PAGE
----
If you’ve spent a lot of time sitting in meetings without speaking, you’ve done an awful lot of listening. Shy people are often incredibly good listeners – they often empathise greatly with other people and can find it easier to put themselves in the other position and understand where people are coming from. This is a huge advantage. Those are all incredibly important leadership skills, and you already have them.
You understand more than anyone that people can find it hard to speak up in a large group. You know how it feels to worry about what people think of you, and if you should say what you are thinking. You know what it feels like to have a brain full of ‘what ifs’. What if I make a mistake, what if I say something stupid, what if they laugh?
Who better than you to bring along the more unsure members of your team and make sure they gain confidence and get the chance to be heard?
5. Be prepared
Being as prepared as you can possibly be, whether it’s for a meeting, a staff member assessment or even something incredibly difficult like terminating one of your team, is vitally important.
If you’ve done your homework in advance, you’ll be more confident to take on whatever happens, from whatever you were expecting to happen to even the more unexpected situations that you will sometimes find yourself in.
Have all your paperwork and figures to hand, get yourself a glass of water or a coffee to help you relax and arrive at least five minutes early, not only to create a good example, but also to give yourself a few minutes to orientate yourself, set your papers out and relax.
6. Get to know your team members
You’ll feel more confident and relaxed if you know who you’re dealing with, so get to know your team members. If you don’t feel comfortable meeting them all in a group at first, schedule one-to-ones with them and simply have a relaxed, friendly chat.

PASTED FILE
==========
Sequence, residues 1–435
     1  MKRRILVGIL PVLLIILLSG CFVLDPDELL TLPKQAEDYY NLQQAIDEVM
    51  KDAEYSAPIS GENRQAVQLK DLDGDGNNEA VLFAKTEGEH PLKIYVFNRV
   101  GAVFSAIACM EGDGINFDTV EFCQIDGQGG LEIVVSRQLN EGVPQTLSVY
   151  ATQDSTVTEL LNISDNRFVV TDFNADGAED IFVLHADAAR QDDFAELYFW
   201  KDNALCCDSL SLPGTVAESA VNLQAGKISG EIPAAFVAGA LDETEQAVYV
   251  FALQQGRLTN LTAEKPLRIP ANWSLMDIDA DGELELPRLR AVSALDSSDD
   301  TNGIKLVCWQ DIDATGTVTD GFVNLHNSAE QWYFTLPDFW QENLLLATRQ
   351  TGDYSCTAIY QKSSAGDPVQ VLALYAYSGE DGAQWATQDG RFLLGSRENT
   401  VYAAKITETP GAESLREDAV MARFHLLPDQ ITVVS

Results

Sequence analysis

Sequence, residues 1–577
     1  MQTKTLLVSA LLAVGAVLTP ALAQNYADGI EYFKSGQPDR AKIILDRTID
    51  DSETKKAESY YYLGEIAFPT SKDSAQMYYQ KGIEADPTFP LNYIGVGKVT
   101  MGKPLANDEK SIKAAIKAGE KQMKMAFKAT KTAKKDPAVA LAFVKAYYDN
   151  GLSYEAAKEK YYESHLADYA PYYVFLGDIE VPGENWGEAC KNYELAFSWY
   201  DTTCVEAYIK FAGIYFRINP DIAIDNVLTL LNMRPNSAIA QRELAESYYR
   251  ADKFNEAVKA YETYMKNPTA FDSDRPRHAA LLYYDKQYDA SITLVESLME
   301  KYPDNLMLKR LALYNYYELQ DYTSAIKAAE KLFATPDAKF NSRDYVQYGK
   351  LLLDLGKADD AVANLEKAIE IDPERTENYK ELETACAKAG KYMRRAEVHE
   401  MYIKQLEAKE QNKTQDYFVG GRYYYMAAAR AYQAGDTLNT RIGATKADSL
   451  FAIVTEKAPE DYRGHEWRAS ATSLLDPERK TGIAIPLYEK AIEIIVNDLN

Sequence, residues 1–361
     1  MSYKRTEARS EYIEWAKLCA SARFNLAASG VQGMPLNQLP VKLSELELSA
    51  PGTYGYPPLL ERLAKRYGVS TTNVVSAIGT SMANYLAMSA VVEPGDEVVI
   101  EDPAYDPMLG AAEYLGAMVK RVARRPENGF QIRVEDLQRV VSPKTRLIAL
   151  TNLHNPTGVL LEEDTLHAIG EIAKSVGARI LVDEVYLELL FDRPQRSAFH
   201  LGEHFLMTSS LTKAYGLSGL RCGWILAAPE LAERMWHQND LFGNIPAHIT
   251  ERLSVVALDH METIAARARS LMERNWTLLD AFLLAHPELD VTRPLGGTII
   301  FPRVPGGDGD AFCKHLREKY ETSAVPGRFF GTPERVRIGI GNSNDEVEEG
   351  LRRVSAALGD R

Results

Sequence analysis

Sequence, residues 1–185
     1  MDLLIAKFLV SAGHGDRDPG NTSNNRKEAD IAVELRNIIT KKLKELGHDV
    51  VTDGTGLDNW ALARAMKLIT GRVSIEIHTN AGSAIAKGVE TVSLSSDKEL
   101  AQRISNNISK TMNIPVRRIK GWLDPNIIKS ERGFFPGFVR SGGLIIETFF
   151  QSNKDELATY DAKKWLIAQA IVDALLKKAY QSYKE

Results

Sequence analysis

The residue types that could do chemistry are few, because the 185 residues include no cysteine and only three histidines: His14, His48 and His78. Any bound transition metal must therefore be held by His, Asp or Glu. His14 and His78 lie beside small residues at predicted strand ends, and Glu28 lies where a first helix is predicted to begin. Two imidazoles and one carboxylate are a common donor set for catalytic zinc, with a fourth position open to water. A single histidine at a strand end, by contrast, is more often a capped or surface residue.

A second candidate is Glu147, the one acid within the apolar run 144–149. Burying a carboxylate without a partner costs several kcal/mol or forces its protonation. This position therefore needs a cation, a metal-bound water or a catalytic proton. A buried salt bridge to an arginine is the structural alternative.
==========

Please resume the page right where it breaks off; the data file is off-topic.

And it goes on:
Not only will that help you, but it will also ease their minds, too, which is good for the whole team – including you.
Anticipate any questions your team members might ask, so that you can answer them with confidence and authority should they arise.
7. Learn from other leaders
Find a mentor or peer who can support you – someone you feel comfortable with who has been in your shoes before. You’ll have a sounding board for any problems and someone who can help you learn.
Think about your previous managers. What did you like about their management style and what didn’t work for you? Learn from their mistakes and use the best of what they did right to build your own style.
Read widely. There are plenty of management books out there and it’s a great idea to follow leaders you admire and see how they do things.
8. Ask for feedback
If you’re naturally shy, it can be extremely daunting to seek out feedback on your skills. But if you’ve found a mentor you can trust, feedback – good or bad – is incredibly valuable. And the more great feedback you get, the more your confidence will grow!
No matter what job you’re in, approach it with a positive attitude. If you understand that you have great skills and experience to offer, but that you should always be open-minded and ready to learn, then you’ll do just fine.
Christine Wright is senior vice-president of Hays US, responsible for Hays’ growth and expansion in central and west US regions and leading national strategic projects. A version of this article previously appeared on the Hays Viewpoint blog.